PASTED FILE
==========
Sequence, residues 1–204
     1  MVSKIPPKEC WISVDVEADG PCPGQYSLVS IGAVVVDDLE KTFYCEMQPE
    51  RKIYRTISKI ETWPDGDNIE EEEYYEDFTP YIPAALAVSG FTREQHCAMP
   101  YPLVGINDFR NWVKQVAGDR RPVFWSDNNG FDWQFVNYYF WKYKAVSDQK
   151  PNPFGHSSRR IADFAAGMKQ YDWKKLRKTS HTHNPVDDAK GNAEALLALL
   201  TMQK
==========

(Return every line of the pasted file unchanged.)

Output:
Sequence, residues 1–204
     1  MVSKIPPKEC WISVDVEADG PCPGQYSLVS IGAVVVDDLE KTFYCEMQPE
    51  RKIYRTISKI ETWPDGDNIE EEEYYEDFTP YIPAALAVSG FTREQHCAMP
   101  YPLVGINDFR NWVKQVAGDR RPVFWSDNNG FDWQFVNYYF WKYKAVSDQK
   151  PNPFGHSSRR IADFAAGMKQ YDWKKLRKTS HTHNPVDDAK GNAEALLALL
   201  TMQK